Acute Migraine Treatment With Oral Triptans and NSAIDs in a Managed Care Population

Authors

  • Daisy S. Ng-Mak PhD,

    1. Outcomes Research & Management, Merck & Co., Inc., West Point, PA, USA (D.S. Ng-Mak), Global Qutcomes Research, Global Human Health, Merck & Co., Whitehouse Station, NJ, USA (X.H. Hu, Y.-T. Chen, and L. Ma).
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  • X. Henry Hu MD, PhD,

    1. Outcomes Research & Management, Merck & Co., Inc., West Point, PA, USA (D.S. Ng-Mak), Global Qutcomes Research, Global Human Health, Merck & Co., Whitehouse Station, NJ, USA (X.H. Hu, Y.-T. Chen, and L. Ma).
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  • Ya-Ting Chen PhD,

    1. Outcomes Research & Management, Merck & Co., Inc., West Point, PA, USA (D.S. Ng-Mak), Global Qutcomes Research, Global Human Health, Merck & Co., Whitehouse Station, NJ, USA (X.H. Hu, Y.-T. Chen, and L. Ma).
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  • Larry Ma PhD

    1. Outcomes Research & Management, Merck & Co., Inc., West Point, PA, USA (D.S. Ng-Mak), Global Qutcomes Research, Global Human Health, Merck & Co., Whitehouse Station, NJ, USA (X.H. Hu, Y.-T. Chen, and L. Ma).
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  • Financial support information: This research study was funded by Merck & Co., Inc.

D. S. Ng-Mak, 770 Sumneytown Pike, MS WP39-166, West Point, PA 19486, USA.

Abstract

Objective.— To describe the use of oral triptans with or without nonsteroidal anti-inflammatory drugs (NSAIDs) for acute migraine treatment in a managed care population and its potential impact on functionality.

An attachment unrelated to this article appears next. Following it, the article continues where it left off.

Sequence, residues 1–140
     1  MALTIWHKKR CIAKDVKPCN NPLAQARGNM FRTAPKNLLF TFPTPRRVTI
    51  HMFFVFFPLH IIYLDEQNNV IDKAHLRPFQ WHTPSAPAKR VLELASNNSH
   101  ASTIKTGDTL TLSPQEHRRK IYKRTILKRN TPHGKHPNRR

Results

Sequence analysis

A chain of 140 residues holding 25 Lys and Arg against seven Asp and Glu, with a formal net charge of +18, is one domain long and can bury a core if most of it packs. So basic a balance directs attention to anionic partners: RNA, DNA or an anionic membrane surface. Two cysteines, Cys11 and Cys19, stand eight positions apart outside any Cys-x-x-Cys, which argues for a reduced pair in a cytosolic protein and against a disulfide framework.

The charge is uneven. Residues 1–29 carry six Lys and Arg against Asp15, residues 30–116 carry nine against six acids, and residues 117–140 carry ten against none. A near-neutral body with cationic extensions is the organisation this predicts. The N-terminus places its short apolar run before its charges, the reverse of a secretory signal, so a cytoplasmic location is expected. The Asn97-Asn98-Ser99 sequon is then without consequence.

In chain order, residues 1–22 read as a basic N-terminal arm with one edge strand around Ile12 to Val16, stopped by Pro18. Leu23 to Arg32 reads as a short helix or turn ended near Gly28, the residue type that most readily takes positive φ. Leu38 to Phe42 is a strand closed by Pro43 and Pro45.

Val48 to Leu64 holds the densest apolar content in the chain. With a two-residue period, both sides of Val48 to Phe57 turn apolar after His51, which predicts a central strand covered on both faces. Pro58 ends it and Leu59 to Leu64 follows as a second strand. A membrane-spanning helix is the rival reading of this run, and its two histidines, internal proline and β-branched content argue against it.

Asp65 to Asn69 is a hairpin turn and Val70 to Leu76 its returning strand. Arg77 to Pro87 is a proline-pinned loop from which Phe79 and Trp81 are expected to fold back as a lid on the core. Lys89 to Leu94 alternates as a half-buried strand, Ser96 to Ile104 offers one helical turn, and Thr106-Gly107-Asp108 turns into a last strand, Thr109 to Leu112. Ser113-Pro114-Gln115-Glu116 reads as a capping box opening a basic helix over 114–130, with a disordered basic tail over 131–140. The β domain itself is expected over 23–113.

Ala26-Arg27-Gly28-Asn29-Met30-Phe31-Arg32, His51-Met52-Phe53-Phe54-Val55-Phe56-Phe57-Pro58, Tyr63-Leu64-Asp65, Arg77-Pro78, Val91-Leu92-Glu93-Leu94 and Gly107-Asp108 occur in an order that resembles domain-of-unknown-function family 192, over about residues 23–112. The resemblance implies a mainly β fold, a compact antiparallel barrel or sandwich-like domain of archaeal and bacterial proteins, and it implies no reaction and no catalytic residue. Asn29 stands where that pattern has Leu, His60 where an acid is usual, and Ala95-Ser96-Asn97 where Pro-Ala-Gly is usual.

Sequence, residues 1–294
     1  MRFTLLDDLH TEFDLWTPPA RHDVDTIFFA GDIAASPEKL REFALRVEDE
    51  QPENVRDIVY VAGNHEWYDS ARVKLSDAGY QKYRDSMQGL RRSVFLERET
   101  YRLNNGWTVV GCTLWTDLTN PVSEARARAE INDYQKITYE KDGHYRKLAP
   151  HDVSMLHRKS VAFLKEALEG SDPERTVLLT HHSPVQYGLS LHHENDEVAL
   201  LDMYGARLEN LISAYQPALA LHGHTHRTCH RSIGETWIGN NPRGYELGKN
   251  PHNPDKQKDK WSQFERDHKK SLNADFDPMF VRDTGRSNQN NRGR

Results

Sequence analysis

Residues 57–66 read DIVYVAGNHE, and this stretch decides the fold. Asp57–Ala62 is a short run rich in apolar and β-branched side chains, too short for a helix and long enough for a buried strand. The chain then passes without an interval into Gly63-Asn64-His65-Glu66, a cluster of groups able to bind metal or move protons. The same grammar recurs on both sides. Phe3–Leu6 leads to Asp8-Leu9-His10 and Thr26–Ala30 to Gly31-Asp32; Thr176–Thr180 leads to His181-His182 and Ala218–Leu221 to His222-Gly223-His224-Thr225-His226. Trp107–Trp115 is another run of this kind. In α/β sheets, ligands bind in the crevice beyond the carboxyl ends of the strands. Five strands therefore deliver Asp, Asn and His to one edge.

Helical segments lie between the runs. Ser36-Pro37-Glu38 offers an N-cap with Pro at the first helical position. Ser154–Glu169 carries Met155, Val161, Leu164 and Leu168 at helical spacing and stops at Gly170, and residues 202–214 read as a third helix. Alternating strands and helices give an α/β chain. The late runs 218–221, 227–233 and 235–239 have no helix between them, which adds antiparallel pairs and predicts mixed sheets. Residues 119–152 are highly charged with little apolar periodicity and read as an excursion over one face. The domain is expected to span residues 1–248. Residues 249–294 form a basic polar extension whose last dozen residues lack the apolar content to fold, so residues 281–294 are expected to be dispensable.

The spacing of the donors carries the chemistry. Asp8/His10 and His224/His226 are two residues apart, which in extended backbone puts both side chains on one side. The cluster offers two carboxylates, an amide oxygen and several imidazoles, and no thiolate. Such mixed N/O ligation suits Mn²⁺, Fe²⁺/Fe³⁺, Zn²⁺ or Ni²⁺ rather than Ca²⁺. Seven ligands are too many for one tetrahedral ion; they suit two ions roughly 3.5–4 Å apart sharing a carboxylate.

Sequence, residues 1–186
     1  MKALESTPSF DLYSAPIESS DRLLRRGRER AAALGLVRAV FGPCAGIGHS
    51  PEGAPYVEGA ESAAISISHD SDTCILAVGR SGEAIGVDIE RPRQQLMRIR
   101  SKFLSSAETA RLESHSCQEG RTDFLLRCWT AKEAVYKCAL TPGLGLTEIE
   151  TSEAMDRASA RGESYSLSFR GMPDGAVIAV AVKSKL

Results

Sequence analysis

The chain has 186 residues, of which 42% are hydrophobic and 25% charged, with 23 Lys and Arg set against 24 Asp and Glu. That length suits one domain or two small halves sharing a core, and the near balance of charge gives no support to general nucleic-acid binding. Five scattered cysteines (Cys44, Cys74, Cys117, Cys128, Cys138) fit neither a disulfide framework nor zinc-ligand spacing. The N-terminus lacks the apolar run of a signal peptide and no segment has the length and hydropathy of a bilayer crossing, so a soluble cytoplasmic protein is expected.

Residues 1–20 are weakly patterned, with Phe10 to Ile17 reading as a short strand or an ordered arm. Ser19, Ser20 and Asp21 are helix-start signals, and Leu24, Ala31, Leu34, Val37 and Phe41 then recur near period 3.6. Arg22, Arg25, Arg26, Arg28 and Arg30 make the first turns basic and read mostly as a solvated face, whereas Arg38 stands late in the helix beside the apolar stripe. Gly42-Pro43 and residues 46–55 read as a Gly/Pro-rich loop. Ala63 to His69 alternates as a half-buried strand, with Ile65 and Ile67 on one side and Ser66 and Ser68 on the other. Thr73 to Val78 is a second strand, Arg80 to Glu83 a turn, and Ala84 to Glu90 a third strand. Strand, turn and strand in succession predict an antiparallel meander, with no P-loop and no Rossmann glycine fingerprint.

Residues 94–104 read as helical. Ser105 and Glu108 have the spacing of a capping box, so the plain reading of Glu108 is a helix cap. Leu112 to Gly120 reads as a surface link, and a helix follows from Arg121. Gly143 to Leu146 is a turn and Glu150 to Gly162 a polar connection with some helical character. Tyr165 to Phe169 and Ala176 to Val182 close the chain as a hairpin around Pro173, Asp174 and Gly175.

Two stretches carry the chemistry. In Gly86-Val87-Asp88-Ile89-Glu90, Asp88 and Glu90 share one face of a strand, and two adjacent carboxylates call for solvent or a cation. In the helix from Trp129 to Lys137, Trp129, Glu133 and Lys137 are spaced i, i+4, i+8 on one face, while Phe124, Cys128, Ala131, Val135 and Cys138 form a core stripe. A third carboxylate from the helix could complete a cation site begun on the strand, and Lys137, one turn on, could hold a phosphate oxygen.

Background.— Prescription or over-the-counter NSAIDs with or without oral triptans are commonly used for treatment of acute migraine pain. Little is known about patients’ treatment strategy when they have had experiences using NSAIDs and oral triptan cotherapy and the relationship between treatment strategy and migraine symptoms and functionality.

Method.— Migraineurs identified from an administrative claims database were surveyed for their use of oral triptans and NSAIDs during their last attack in the screening phase and during the subsequent migraine attack in the follow-up phase of the study. Treatment regimens were classified into 6 categories: simultaneous coadministration of triptans and NSAIDs (T&N); triptans first followed by NSAIDs (T_N); NSAIDs first followed by triptans (N_T); triptans only (TRP_only); NSAIDs only (NSAID_only); and others. Headache experience, reasons for treatment regimens, and treatment satisfaction were cross-tabulated by treatment regimens. The log-rank test was used for the analysis of time-to-event data.

Results.— Among 8440 oral triptan users surveyed during the screening phase, 2307 (27%) reported using triptans and NSAIDs combination therapy during their last migraine attack. Of those, 1502 experienced a subsequent migraine attack and completed the follow-up survey; 38% of these 1502 patients who used triptans and NSAIDs cotherapy during their last migraine attack continued to use combination therapy for their next attack. The most common treatment regimen, excluding “others” (n = 354, 24%), was TRP_only (n = 403, 27%), followed by N_T (n = 345, 23%), NSAID_only (n = 170, 11%), T&N (n = 152, 10%), and T_N (n = 75, 5.0%). More TRP_only patients became nausea-free within 1 h after an initial dosing. TRP_only, T&N, and N_T had significantly shorter median hours of suffering from migraine and limited functioning, as compared with other treatment regimens. Substantially more patients taking TRP_only (34.7%) were very satisfied with their current treatment regimen than other regimens.

Conclusions.— Migraine patients frequently change their treatment regimens in response to headache profiles. For patients with migraine associated nausea symptom, combination of therapy with triptan and NSAIDs appears to be less effective in relieving nausea than triptan monotherapy. Triptan montherapy remains a common and an effective migraine treatment strategy.

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